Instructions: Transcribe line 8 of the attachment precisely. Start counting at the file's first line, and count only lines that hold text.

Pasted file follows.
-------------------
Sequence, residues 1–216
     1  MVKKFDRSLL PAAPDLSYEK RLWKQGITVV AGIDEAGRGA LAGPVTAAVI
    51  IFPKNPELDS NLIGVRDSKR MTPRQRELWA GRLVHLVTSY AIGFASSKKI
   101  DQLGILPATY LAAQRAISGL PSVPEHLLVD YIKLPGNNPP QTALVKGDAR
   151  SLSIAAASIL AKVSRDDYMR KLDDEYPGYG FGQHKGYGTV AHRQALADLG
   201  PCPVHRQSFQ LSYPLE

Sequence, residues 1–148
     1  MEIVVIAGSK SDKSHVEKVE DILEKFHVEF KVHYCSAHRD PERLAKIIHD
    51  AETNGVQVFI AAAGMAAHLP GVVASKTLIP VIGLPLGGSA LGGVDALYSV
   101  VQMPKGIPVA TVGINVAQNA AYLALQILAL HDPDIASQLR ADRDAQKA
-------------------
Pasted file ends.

     1  MEIVVIAGSK SDKSHVEKVE DILEKFHVEF KVHYCSAHRD PERLAKIIHD